My horse knows his own way home Little Tiger's Avatar
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    Don't forget SMJ that you are doing this as you transition into the turn from the turn prior to it. So it is the INSIDE hip from the new turn but the old OUTSIDE hip from that prior turn.

  6. #16
    I have my own seat in the pub Skier Village Coach Coach Rick's Avatar
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    Quote Originally Posted by Pierre View Post
    How do you keep the inside hip up, especially in the finish part of the turn?
    How do you get to Carnegie Hall?

    You try to keep the inside hip high, and the pelvis level. In reality, as you reach higher edge angles it will not be level, but it will be significantly more level than the legs. Better stated, it needs to be more level than the legs if you're to angulate properly.

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  7. #17
    I have my own seat in the pub Skier Village Coach Coach Rick's Avatar
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    Quote Originally Posted by Pierre View Post
    What drives the inside hip forward without the inside foot also advancing?
    The new inside foot will advance, it has to. You simply try to limit it to the least amount necessary. Create the new counter by driving the new inside hip, and the foot gets dragged forward by that action, only the most minimum amount it has to. Inside foot lead will be the result, not the goal, and it will be held to only necessary levels, dictated by how much range of dorsiflexion capacity you have in your ankle, and how much the stiffness of your boots will allow you to to exploit that range.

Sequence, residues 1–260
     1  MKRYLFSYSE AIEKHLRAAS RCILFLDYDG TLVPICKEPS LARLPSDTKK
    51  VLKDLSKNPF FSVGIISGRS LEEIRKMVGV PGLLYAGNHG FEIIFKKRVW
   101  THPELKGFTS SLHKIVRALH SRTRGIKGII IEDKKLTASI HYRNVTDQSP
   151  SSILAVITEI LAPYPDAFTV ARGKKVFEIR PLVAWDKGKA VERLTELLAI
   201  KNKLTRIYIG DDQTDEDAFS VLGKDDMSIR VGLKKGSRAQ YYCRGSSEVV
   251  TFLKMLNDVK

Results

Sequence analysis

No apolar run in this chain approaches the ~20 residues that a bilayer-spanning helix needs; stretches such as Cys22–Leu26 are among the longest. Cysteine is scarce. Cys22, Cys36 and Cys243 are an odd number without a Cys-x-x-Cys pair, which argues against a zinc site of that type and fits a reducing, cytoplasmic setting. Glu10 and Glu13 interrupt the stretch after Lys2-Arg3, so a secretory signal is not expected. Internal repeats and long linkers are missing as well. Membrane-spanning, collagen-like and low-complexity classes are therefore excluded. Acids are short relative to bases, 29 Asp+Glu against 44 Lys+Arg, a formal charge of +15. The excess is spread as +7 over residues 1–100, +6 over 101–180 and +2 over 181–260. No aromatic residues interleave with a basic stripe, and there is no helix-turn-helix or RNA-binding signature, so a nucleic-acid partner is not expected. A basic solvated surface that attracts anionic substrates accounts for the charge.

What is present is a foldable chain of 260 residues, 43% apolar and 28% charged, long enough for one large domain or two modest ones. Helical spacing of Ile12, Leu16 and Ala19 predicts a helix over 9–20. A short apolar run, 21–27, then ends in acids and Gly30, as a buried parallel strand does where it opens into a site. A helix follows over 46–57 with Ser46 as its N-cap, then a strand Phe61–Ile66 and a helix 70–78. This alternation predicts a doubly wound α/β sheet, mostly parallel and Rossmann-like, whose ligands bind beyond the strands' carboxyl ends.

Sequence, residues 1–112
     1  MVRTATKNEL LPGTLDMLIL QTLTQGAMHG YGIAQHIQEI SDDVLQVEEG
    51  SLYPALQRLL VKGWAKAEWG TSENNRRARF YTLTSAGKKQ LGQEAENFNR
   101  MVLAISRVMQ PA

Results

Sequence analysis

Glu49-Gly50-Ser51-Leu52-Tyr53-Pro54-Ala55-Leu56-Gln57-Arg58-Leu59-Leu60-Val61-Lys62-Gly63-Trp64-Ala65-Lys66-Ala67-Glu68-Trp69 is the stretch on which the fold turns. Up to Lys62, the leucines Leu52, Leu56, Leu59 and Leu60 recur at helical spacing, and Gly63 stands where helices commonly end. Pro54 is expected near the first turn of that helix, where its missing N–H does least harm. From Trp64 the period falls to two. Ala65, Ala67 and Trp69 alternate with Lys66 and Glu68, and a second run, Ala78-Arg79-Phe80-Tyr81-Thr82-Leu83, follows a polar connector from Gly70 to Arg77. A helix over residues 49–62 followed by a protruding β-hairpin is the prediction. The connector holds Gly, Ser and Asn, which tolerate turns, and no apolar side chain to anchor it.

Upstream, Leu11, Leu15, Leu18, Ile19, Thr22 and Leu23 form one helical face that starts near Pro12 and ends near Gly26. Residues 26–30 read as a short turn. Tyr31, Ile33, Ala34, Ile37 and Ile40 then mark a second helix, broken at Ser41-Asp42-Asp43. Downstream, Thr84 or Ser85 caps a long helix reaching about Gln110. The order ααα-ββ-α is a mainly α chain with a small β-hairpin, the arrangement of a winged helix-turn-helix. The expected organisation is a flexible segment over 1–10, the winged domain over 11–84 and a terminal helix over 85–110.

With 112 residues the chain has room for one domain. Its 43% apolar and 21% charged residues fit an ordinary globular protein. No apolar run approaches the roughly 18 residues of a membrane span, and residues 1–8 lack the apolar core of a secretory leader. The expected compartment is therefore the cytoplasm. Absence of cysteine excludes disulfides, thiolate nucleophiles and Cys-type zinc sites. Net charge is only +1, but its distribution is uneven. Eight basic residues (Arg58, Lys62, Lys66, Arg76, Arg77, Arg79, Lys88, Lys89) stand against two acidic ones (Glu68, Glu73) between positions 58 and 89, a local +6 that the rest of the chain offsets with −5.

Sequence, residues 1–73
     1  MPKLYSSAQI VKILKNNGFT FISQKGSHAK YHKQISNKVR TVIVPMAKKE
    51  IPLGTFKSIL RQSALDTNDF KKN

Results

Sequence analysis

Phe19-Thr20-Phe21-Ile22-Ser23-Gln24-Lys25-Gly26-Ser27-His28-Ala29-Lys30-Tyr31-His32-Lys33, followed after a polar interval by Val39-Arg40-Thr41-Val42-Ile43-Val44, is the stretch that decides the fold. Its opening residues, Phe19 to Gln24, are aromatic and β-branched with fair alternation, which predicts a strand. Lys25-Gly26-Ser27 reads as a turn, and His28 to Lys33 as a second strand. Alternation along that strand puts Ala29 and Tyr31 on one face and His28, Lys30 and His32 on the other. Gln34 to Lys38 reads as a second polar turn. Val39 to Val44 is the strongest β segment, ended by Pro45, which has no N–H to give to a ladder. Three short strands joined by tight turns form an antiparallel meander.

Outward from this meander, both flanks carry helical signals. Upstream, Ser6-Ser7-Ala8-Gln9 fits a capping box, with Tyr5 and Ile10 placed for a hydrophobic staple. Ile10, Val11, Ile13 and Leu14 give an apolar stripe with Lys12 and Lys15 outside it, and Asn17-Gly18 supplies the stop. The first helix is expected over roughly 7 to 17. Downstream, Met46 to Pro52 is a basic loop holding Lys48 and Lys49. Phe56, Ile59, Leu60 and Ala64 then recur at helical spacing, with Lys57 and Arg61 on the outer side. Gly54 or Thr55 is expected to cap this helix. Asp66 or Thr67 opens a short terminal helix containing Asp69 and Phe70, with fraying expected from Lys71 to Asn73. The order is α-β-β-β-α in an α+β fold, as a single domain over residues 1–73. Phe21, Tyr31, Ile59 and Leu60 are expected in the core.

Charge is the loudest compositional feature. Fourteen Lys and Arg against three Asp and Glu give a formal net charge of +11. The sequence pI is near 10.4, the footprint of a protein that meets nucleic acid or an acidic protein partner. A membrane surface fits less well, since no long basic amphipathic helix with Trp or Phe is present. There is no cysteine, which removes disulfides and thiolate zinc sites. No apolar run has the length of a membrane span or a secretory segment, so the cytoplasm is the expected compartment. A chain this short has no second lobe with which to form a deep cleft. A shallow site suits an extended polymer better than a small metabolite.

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  8. #18
    I have my own seat in the pub Skier Village Coach Coach Rick's Avatar
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    Quote Originally Posted by Pierre View Post

    Rick do you have clips of your own skiing shot from directly downhill where we cannot see the front sides of both hips in the top part of the turn. ie early counter?
    I'll have a look and see what I can find.
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  9. #19
    I have my own seat in the pub Skier Village Coach Coach Rick's Avatar
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    Quote Originally Posted by LiquidFeet View Post
    Rick, would these turns work on ice in a slalom course?
    Yes, absolutely. It's done all the time on the WC. It's called anticipation pivoting. Show me a transition image of a racer, captured at edge angle neutral, and I'll be able to tell you if what follows is going to be a pivot, or an arc to arc transition, all by how their upper body is facing in relation to the falline and skis.
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  10. #20
    Looking for an apartment Snow Sport Instructor
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    Quote Originally Posted by Coach Rick View Post
    How do you get to Carnegie Hall?

    You try to keep the inside hip high, and the pelvis level. In reality, as you reach higher edge angles it will not be level, but it will be significantly more level than the legs. Better stated, it needs to be more level than the legs if you're to angulate properly.

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    This nicely says what is desired but it doesn't say how you achieve keeping the inside hip up. Very few skiers keep their inside hip up during the finish of a turn. Why?